Cybernetics in Britain
In his 1948 book, Cybernetics, Norbert Wiener gave the field its name, drawing together ideas about computing, information and feedback. Since then cybernetics as has developed in very different directions in different places, and in my talk, I trace its distinctive history as it has evolved in Britain.
I begin with the brain. Cybernetics grew out of an unusual view of the brain—as an organ of adaptation rather than cognition—and this led it to diverge radically from more conventional approaches to artificial intelligence. This is clear in distinctive cybernetic approaches to robotics (Grey Walter’s tortoises and Ross Ashby’s homeostats) and psychiatry (Gregory Bateson and Ronald Laing) and eventually led to highly imaginative projects in so-called biological computing. I then turn to the social sciences, reviewing Stafford Beer’s work from the 1960s to the present, focussing on his Viable System Model of organisations and management and his concept of Syntegration as a decentred approach to decision-making. Turning to the arts, I review Gordon Pask’s cybernetic artworks, running from his Musicolour machine in the early 1950s to the Fun Palace, conceived in the 1960s as a dynamic building that could reconfigure itself in use, which became the model for much contemporary work in adaptive art and architecture. My final example is the adaptive management of the Colorado River ecosystem as an illustration of a present-day cybernetic approach to the environment.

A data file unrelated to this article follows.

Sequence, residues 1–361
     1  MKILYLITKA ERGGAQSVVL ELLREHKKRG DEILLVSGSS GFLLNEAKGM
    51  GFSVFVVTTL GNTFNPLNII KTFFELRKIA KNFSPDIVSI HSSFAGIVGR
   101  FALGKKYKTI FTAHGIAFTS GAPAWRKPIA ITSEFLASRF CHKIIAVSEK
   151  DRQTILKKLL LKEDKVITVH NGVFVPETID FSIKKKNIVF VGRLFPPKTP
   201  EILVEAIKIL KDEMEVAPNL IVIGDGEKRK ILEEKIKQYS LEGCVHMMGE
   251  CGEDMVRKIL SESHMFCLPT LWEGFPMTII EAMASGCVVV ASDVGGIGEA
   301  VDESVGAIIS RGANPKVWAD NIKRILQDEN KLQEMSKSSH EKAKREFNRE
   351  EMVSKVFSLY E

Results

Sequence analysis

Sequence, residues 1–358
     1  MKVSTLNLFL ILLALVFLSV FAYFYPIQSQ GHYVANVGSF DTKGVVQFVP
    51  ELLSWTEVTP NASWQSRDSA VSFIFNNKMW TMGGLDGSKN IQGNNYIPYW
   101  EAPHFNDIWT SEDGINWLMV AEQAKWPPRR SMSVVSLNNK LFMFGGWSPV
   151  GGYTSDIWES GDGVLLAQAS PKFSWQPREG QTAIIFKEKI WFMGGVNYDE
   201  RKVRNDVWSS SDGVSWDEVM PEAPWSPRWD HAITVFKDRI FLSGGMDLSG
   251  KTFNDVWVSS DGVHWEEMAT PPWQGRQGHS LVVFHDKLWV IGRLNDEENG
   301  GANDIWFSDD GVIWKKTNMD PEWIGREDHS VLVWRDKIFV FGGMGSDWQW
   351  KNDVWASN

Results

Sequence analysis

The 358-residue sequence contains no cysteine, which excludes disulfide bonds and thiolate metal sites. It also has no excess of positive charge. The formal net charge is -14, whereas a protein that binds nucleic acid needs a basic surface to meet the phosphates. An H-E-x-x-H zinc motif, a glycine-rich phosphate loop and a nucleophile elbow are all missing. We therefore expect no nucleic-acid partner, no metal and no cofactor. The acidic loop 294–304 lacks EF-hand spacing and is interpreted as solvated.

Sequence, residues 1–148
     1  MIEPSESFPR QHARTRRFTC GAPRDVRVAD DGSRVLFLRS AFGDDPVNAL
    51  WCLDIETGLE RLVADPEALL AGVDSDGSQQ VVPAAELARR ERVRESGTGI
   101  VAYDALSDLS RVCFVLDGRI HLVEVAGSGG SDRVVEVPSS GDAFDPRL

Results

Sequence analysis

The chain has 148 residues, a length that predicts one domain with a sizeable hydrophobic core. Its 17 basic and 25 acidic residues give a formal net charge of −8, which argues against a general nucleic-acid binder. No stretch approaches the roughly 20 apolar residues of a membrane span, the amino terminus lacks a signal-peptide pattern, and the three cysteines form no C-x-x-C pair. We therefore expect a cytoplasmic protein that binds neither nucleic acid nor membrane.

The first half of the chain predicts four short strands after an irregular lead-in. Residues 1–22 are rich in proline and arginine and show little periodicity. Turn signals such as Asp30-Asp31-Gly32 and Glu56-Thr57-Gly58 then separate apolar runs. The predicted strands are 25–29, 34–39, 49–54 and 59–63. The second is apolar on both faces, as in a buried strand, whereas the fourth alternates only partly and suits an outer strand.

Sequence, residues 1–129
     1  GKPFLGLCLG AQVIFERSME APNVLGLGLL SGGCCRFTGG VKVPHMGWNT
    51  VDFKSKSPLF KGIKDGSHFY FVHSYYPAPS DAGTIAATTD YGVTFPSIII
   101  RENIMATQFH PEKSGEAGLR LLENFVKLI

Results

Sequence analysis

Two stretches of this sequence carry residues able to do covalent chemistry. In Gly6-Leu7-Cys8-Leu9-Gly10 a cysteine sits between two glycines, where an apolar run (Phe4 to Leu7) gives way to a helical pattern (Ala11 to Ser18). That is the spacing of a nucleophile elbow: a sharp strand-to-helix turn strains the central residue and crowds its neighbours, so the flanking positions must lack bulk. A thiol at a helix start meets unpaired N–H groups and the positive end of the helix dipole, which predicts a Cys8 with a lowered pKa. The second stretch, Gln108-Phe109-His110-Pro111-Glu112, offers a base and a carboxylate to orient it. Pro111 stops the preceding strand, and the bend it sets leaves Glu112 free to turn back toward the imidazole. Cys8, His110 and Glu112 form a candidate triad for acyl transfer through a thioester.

I emphasise throughout the unusual worldview or ontology that runs through British cybernetics—a view of the world as ultimately unknowable—and I discuss the politics of this. Cybernetics is often criticised as a science of control, but I point instead to the centrality in British cybernetics of decentred and non-hierarchical “conversation” rather than top-down control. I conclude with a discussion of cybernetics as an illustration of Yuk Hui’s concept of “cosmotechnics”—the idea that different cosmologies hang together with different technologies and techniques.
For much of his career, Andrew Pickering was a Professor of Sociology at the University of Illinois at Urbana-Champaign, USA. He is now Professor Emeritus of sociology and philosophy at the University of Exeter, UK. He has held fellowships at the Institute for Advanced Study at Princeton and the Stanford Center for Advanced Study in the Behavioral Sciences, and universities including MIT, Princeton, and Durham. He is a leading figure in science and technology studies and has published widely on the history, sociology and philosophy of science, technology and mathematics. His writings have been translated into many languages, including Chinese translations of his books Constructing Quarks: A Sociological History of Particle Physics, Science as Practice and Culture and The Mangle of Practice: Time, Agency and Science. His most recent book is The Cybernetic Brain: Sketches of Another Future. He is now working on cybernetic relations with nature and cybernetic art.